En EspaŅol

Q. Who is Mr. Smarty Plants?

A: There are those who suspect Wildflower Center volunteers are the culpable and capable culprits. Yet, others think staff members play some, albeit small, role. You can torture us with your plant questions, but we will never reveal the Green Guru's secret identity.

Help us grow by giving to the Plant Database Fund or by becoming a member

Did you know you can access the Native Plant Information Network with your web-enabled smartphone?

Share

Ask Mr. Smarty Plants

Ask Mr. Smarty Plants is a free service provided by the staff and volunteers at the Lady Bird Johnson Wildflower Center.

Search Smarty Plants
    
 
See a list of all Smarty Plants questions
Can't find the answer in our existing FAQs, submit a question to Mr. Smarty Plants.
Need help with plant identification, visit the plant identification page.
 
rate this answer
4 ratings

Monday - July 28, 2008

From: Baird, TX
Region: Southwest
Topic: Poisonous Plants, Shrubs
Title: Getting rid of wild plums (Prunus angustifolia)
Answered by: Nan Hampton

QUESTION:

When I bought my land, there was a humongous thicket of wild plums (Prunus angustifolia) approx 10 ft high and covering 5-10 acres. I raise goats, and have known that wild plums (the leaves) can cause prussic acid poisoning (and read something about cyanide poisoning?) in ruminates and I do not want them on my property. We removed the thicket but it is coming back up just as fast as I can shred it down. Is there anything I can do to discourage them from growing?

ANSWER:

You are correct that plants in the Genus Prunus (includes wild plums, cherries and peaches) are toxic to livestock and, in particular, ruminants.  It is cyanide poisoning that is the problem and cyanide poisoning can kill quickly—within 15 minutes.  Ruminants are particularly susceptible because the release of cyanide from the cyanogenic glycosides that reside in the seed and leaves of Prunus plants occurs more easliy in their stomachs compared to the acidic environment of non-ruminant stomachs. Here is information from the Texas Toxic Plant Database and University of Pennsylvania Poisonous Plants Database.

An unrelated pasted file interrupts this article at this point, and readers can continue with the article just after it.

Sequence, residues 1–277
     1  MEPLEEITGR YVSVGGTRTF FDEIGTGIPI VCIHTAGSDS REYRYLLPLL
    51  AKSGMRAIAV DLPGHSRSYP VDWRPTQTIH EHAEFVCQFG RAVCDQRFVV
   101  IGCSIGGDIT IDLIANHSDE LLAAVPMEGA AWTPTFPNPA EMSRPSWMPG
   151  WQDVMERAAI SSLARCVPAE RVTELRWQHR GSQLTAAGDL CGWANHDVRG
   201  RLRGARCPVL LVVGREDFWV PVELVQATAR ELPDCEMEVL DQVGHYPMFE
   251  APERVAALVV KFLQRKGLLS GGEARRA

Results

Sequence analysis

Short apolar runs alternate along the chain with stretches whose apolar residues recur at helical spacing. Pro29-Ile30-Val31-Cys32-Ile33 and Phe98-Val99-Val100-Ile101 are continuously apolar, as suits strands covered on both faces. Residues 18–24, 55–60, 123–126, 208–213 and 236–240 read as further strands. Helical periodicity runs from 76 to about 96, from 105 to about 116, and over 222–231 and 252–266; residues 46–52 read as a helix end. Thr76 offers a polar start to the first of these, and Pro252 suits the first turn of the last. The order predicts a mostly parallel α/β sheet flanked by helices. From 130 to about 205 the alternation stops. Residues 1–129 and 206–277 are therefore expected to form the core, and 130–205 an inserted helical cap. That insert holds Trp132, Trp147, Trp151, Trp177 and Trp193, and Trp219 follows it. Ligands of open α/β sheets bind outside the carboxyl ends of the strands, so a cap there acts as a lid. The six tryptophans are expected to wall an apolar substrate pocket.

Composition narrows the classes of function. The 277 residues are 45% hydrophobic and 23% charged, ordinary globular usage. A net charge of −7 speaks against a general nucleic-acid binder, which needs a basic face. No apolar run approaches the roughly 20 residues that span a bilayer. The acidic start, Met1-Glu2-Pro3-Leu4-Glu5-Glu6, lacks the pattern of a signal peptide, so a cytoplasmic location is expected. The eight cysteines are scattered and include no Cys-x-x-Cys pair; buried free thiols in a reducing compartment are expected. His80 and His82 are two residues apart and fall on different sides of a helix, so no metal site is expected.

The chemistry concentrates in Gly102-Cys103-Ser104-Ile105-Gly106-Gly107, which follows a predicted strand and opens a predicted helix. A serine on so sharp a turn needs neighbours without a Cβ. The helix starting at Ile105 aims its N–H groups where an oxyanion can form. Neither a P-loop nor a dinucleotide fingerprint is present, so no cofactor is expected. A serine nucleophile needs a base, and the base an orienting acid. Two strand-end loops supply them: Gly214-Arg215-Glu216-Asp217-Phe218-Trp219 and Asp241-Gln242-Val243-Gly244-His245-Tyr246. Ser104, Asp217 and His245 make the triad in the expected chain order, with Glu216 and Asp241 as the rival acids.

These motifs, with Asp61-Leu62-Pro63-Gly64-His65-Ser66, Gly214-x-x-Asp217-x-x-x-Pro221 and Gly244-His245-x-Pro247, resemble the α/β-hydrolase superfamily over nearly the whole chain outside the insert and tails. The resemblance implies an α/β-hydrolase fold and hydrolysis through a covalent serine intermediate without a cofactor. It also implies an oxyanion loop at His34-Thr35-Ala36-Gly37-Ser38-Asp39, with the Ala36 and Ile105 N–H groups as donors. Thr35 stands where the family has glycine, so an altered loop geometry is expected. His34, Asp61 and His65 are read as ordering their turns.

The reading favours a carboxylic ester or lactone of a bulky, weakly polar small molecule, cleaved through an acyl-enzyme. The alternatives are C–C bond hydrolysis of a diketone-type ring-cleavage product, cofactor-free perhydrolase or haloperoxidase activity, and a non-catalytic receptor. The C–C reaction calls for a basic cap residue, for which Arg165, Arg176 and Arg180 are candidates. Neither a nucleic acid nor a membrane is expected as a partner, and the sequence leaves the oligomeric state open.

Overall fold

You do want to be certain that the plum trees aren't in the pasture with your goats.  Either you need to fence the goats out of that area—good luck with that since goats are notoriously difficult to discourage by mere fencing—or you need to remove the roots of the trees from the ground to keep them from resprouting.  As long as there are still roots there, they will continue to sprout. Five to ten acres-worth is going to be a lot of work if you do it by hand so probably your best bet is to find someone who can dig up the roots mechanically (e.g., backhoe or skid steer).  

 

More Poisonous Plants Questions

Want a vine, non-toxic to dogs, for Reno, NV.
September 11, 2012 - I want a non toxic (to dogs) vine for Reno, NV
view the full question and answer

What purple mushrooms grow in Texas from McKinney TX
July 14, 2012 - What purple mushrooms grow in North Texas?
view the full question and answer

Damaged leaves on bottlebrush buckeye from Glen Mills PA
June 09, 2013 - My recently planted bottlebrush buckeye plants' leaves are looking damaged but it doesn't look like insect or fungus damage. They look battered by wind but I don't understand why that would happen...
view the full question and answer

Campsis radicans or cow itch
April 03, 2008 - We cleaned my father-in-law's home-place up out in the country week-before-last. My wife, her 2 sisters and a niece have this unusual-looking poison on them. It is big red places and itches all ove...
view the full question and answer

Skin irritation caused by blanket flower (Gaillardia sp.)
January 29, 2005 - Could you tell me whether it is the leaves or the spent flower heads, the seed heads, that cause irritation to bare legs after walking through a field of Indian Blankets? Gallardia I believe is the La...
view the full question and answer

Smarty Plants's Facebook profile Support the Wildflower Center by Donating Online or Becoming a Member today.

Mr. Smarty Plants wants you to be his Facebook friend. Click the Facebook icon to add yourself to Mr. Smarty Plants list of friends.
E-NEWSLETTER | BECOME A MEMBER | DONATE NOW | MEDIA | SITEMAP
© 2014 Lady Bird Johnson Wildflower Center